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- The zftp module supports ports following the hostname in the normal suffix
  notation, `host:port'.  This requires IPv6 colon-style addresses to be
  specified in suitably quoted square brackets, for example:
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  zftp open '[f000::baaa]'
  zftp open '[f000::baaa]:ftp'

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  (the two are equivalent).

- Special traps, those that don't correspond to signals, i.e. ZERR, DEBUG
  and EXIT are no longer executed inside other traps.  This caused
  unnecessary confusion if, for example, both DEBUG and EXIT traps
  were set.  The new behaviour is more compatible with other shells.

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- New option TRAPS_ASYNC which if set allows traps to run while the
  shell is waiting for a child process.  This is the traditional zsh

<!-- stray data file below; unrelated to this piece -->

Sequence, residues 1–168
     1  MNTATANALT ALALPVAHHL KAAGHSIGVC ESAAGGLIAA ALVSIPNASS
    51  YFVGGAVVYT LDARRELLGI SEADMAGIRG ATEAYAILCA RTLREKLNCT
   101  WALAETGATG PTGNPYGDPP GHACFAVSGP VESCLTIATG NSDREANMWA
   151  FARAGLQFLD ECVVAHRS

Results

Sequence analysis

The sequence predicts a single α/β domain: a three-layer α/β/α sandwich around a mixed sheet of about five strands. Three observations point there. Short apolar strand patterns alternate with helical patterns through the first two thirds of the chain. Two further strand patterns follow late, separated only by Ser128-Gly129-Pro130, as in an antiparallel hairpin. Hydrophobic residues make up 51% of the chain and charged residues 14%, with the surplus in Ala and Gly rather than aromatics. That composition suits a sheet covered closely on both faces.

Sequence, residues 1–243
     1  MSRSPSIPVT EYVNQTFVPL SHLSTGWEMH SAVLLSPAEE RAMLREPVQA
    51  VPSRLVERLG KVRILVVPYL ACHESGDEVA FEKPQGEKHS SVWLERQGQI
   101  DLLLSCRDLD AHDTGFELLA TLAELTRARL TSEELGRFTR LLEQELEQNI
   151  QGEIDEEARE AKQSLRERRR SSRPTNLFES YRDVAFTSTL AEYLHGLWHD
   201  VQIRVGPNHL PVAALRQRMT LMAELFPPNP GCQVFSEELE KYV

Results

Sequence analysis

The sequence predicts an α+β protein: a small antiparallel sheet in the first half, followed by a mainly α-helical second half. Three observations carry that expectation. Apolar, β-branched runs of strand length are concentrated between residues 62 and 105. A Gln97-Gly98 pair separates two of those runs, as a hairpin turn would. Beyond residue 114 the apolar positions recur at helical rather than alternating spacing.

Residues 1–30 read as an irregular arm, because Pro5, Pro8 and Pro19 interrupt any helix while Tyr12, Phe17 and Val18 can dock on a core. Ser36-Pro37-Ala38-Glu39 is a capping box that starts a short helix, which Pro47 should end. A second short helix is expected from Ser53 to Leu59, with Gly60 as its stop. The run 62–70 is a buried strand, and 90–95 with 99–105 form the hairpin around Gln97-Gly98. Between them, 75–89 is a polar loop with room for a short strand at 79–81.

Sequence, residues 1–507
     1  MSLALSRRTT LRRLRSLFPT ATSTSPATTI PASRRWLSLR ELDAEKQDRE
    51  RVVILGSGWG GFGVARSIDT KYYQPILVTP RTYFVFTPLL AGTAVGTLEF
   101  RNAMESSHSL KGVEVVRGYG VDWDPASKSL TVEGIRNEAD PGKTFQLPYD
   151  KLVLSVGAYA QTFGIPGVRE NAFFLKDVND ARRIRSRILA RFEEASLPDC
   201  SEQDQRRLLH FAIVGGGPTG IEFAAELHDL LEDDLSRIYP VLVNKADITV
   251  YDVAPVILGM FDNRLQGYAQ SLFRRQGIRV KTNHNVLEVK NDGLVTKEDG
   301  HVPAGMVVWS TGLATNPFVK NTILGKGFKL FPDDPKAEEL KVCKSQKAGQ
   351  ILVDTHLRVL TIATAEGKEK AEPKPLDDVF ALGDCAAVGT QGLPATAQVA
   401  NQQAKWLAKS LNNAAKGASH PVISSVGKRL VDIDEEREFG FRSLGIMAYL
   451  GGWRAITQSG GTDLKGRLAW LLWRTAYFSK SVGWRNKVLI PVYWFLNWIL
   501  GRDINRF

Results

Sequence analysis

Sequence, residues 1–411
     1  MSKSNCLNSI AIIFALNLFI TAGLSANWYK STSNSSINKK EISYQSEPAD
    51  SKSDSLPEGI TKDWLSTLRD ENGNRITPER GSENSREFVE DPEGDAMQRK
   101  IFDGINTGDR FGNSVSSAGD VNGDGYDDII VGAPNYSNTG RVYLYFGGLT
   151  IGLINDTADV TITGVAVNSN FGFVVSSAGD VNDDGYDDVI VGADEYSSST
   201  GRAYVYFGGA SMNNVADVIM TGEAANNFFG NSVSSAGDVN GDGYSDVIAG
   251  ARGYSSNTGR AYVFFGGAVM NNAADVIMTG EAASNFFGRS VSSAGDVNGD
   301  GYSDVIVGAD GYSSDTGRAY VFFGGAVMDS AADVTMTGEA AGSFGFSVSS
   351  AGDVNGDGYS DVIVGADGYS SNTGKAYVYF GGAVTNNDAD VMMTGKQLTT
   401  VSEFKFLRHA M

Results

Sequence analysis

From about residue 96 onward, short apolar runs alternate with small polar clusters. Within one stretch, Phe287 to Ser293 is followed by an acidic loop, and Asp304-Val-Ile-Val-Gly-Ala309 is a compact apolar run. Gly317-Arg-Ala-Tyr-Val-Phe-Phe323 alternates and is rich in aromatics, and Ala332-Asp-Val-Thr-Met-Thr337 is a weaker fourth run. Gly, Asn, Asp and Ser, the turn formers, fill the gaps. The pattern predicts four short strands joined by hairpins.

behaviour; POSIX requires the option to be unset.  In sh/ksh
  compatibility mode the option is turned off by default and the option
  letter -T turns it on, for compatibility with FreeBSD sh.

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- Glob qualifier (+func) is shorthand for (e:func:) (calls a command,
  typically a shell function, with no argument).
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New features between zsh versions 4.0 and 4.2
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- upgraded to use autoconf post-2.50
- improved compatibility with other shells through shell options,
  builtin arguments and improved builtin option parsing

Syntax and builtins:
- new printf builtin
- `+=' to append to parameters which works for scalars, arrays and (with
  pairs) associative arrays.
- enhanced multiple parameter `for' loops:
    for key value in key1 value1 key2 value2 ...
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  maintaining full compatibility with POSIX syntax.
- Suffix aliases allow the shell to run a command on a file by suffix,
  e.g `alias -s ps=gv' makes `' execute `gv'.  Supplied
  function zsh-mime-setup uses existing mailcap and mime.types files
  to set up suitable aliases.  Supplied function pick-web-browser is
  suitable for finding a browser to show .html etc. files by suffix alias.
- new option `no_case_glob' for case-insensitive globbing.
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Add-on modules and functions: